Can blueberries and red wine boost immunity?

13 May 2016

wine

“Red wine and blueberries could protect the body…by boosting the immune system,” The Daily Telegraph reports. Laboratory research suggests that a combination of substances found in berries and wine enhances the activity of a ‘germ-fighting’ gene.

This was a laboratory study in which scientists analysed 446 different compounds for their effect on the activity (gene expression) of a gene called cathelicidin antimicrobial peptide (CAMP), which produces proteins that can help defend against bacterial infection.

It found that two compounds in particular – resveratrol, which is found in red grapes, and pterostilbene, found in blueberries – appear to increase expression of the CAMP gene.

Individually the effect was modest, but when used in combination with vitamin D3 there was a statistically significant increase in gene expression.

The findings of this study are therefore of interest – but it should be noted that the research was undertaken not in humans (or even mice or rats) but in laboratory cell cultures. The study does not prove that consuming foods high in these compounds will boost the human immune system. 

Whether this research will lead to specific treatments to boost immune function is not clear. What is clear is that fruit is an important part of a healthy balanced diet.

Reservatrol

Reservatrol often pops up in health news stories. Possibly because it is found in both red wine and dark chocolate, allowing headline writers to come up with reader-friendly headlines along the lines of “Red wine and chocolate are good for you!”

But while there is evidence that it can lower cholesterol and reduce inflammation, the majority of this evidence is based on lab or animal studies.

There is no high-quality evidence to suggest that a diet high in reservatrol reduces the risk of chronic diseases in humans (though it is known that a diet high in red wine will put you at risk of liver disease).

Where did the story come from?

The study was carried out by researchers from the Linus Pauling Institute, Oregon State University in the US and was funded by the National Institutes of Health.

The study was published in the peer-reviewed journal Molecular Nutrition and Food Research.

The results of this laboratory study were perhaps overplayed by the papers, as the research did not involve humans or even animals, but cell cultures.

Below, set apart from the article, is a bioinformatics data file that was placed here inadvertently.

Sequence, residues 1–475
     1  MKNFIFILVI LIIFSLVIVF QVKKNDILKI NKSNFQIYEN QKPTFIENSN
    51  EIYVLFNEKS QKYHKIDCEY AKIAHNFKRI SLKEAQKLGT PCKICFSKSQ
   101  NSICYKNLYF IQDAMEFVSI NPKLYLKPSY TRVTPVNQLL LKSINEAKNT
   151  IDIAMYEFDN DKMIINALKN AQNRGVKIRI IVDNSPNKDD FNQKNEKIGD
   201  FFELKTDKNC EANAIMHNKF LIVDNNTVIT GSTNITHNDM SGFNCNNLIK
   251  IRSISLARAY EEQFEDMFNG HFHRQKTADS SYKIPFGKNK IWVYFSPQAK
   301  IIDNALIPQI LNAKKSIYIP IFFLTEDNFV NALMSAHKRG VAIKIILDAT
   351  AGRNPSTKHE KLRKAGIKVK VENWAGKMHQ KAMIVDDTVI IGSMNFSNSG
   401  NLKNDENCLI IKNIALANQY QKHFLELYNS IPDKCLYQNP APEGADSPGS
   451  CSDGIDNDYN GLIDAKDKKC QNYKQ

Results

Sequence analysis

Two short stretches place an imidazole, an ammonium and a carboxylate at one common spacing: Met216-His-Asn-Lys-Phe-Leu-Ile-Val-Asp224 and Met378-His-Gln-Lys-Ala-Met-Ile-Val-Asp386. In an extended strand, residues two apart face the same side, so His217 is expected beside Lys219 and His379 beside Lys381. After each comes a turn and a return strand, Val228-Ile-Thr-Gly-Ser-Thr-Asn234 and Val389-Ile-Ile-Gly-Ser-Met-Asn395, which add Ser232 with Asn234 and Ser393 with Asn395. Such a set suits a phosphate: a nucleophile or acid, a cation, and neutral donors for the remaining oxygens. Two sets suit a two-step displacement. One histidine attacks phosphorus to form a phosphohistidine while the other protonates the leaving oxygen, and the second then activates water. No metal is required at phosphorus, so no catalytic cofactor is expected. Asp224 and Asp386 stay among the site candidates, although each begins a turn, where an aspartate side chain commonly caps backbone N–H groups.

What kind of research was this?

This was a laboratory experiment in which researchers aimed to identify new compounds which might be involved in regulating the expression of one gene which is involved in protecting the body against microbes such as bacteria.

The gene in question is the cathelicidin antimicrobial peptide (CAMP) gene. The protein produced by this gene is, say the researchers, effective at killing a wide range of bacteria, and is produced by immune system cells and the cells that line the cavities and structures of the body. 

CAMP gene expression is known to be regulated by several compounds, including vitamin D3, which the body makes from sunlight. Read more about the so-called sunlight vitamin.

Scientists wanted to identify additional molecules that can lead to the CAMP gene expression (the gene being “switched on” to produce the CAMP protein).

The researchers hope that identifying such compounds could increase knowledge of the biological pathways involved in regulating CAMP gene expression and lead to better understanding of how diet and nutrition affect immune function. It may also help in the development of compounds to boost the immune response, they say.

What did the research involve?

For this experiment, the researchers tested a panel of 446 compounds currently being used in clinical trials to see if they were capable of “switching on” the CAMP gene in human cells in the laboratory.

For their first set of experiments they used one type of human immune system cell. The researchers inserted special pieces of DNA into the cells that meant that when the CAMP gene was switched on, the cell also started to produce a light emitting protein. This allowed the researchers to easily monitor whether the CAMP gene had been ‘switched on’ in the cells by the compounds.

The researchers treated the cells with various combinations of 446 compounds, at differing concentrations and intervals. The researchers then monitored the cells to see which compounds or combinations of compounds caused the cells to emit light – meaning that they were also switching on the CAMP gene.

The compounds that were being tested included reservatrol and pterostilbene, from a class of compound known as stilbenoids. Both of these compounds are naturally produced by plants. Resveratrol is probably best known for being found in the skins of red grapes, and therefore in wine. Pterostilbene is found in blueberries and grapes.

Once they identified compounds which switched on the CAMP gene, they went on to do other tests on cells in the laboratory to confirm their results and look at how the compounds were having an effect.

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